Zerofootprint Youth Calculator empowers world youth to reduce resource consumption

By Ron Dembo

Dr. Ron Dembo is the Founder and CEO of Zerofootprint, a cleantech software and services company that makes environmental impact measurable, visible and manageable for businesses, governments, institutions and individuals. Zerofootprint’s solutions mitigate environmental risk and drive cost reductions through behavioural change.

Apr 19, 2013 | Announcements | 0 comments


Who will you meet?

Cities are innovating, companies are pivoting, and start-ups are growing. Like you, every urban practitioner has a remarkable story of insight and challenge from the past year.

Meet these peers and discuss the future of cities in the new Meeting of the Minds Executive Cohort Program. Replace boring virtual summits with facilitated, online, small-group discussions where you can make real connections with extraordinary, like-minded people.


 

Youth wanted

Today’s youth are taking the future into their own hands in over 100 countries through the Zerofootprint Youth Calculator initiative that engages them in a worldwide network to measure, compare and change their behavior. As both a carbon calculator and social engagement platform, the Zerofootprint Youth Calculator connects young people to one another around the world to mitigate their collective carbon footprint. Already during Phase 1, over 230,000 active users have committed to a reduction of 150,000 tons of CO2 released into Earth’s atmosphere and our Oceans.

Earth Day 2013 – Launch of Phase 2

On Earth Day, the Zerofootprint Youth Calculator will launch a new platform in English, French, Spanish, Hebrew and Arabic. Through a partnership with iEARN (International Education and Resource Network), Phase 2 hopes to scale up to 1,000,000 active users and achieve a reduction of 600,000 tons of CO2 by Earth Day 2014.

iEARN’s database of over 60,000 schools in more than 130 countries enables Zerofootprint’s Youth Calculator to reach over 2,000,000 students. A partnership with WGBH Boston’s “Meet the Greens” initiative expands this reach even further.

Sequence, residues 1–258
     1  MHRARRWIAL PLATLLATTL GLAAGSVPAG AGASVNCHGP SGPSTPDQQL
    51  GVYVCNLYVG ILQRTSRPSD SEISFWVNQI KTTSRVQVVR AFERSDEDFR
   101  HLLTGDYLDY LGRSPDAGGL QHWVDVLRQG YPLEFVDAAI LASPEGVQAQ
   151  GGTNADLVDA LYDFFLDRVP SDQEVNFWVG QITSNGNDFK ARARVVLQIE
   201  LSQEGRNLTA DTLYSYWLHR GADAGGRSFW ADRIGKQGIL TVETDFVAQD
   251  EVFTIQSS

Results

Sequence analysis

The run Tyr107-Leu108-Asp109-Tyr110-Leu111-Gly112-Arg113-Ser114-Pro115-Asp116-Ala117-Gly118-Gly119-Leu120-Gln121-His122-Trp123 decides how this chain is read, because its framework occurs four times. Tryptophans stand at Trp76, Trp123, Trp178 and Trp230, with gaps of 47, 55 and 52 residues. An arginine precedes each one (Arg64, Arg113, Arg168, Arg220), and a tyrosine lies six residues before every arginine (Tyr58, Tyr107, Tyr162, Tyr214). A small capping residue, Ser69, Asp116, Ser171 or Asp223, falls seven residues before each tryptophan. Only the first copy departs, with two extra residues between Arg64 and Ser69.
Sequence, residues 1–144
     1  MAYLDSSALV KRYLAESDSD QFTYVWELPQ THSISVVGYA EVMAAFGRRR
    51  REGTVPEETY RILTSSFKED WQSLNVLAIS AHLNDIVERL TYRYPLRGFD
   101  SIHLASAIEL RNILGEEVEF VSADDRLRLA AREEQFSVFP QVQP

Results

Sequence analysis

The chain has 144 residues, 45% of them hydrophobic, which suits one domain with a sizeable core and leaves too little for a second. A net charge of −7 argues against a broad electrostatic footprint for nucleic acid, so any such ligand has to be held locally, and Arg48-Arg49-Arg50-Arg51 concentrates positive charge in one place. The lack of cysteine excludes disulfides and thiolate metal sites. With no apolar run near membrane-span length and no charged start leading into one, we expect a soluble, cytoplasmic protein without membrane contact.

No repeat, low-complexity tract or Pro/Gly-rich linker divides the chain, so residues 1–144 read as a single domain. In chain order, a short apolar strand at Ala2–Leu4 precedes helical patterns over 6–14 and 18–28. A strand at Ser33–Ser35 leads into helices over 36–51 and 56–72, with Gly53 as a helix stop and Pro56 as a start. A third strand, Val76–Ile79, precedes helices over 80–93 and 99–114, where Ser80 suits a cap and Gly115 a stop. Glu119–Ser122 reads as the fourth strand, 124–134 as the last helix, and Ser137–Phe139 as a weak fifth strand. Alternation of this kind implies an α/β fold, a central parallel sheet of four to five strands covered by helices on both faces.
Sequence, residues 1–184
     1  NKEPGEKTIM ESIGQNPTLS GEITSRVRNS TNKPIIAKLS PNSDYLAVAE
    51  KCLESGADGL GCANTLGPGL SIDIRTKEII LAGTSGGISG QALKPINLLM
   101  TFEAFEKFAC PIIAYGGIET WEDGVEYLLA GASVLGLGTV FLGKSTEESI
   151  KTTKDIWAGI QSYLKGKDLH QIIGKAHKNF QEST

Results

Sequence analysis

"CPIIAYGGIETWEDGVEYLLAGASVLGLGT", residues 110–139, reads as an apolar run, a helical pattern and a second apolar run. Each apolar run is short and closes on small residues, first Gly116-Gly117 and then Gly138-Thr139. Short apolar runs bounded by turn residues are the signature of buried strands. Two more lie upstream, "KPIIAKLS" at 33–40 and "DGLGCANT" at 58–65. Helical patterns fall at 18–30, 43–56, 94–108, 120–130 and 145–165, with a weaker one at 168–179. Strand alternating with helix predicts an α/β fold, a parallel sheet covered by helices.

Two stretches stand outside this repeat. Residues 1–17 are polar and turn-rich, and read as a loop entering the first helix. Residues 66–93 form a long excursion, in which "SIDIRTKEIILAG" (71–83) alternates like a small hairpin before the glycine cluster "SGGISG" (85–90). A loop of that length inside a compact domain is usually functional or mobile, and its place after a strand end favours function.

Partners and volunteer translators wanted

In order to be accessible to children around the globe by Earth Day 2014, Zerofootprint seeks volunteers to help translate the platform into fifty languages. Find out how you can help youth take the future into their own hands through the Zerofootprint Youth Calculator by becoming a partner or volunteer translator. Please contact us at youth@zerofootprint.net.


Zerofootprint’s VELO™ social energy programs have engaged hundreds of thousands of people around the world since 2005. The company’s solutions include a mix of program design, services, and technology based on the VELO software platform. The company has completed both large- and small-scale social sustainability programs for educational institutions, corporations, community programs, green cities, and green buildings. Zerofootprint’s groundbreaking programs have been recognized by the Clinton Global Initiative, the United Nations, the US Department of Energy, and the White House.

iEARN (International Education and Resource Network) is a non-profit organization made up of over 60,000 schools and youth organizations in more than 130 countries. Since 1988, iEARN has pioneered on-line school linkages to enable students to engage in meaningful educational projects with peers in their own countries and around the world. Over 2,000,000 students each day are engaged in collaborative project work worldwide.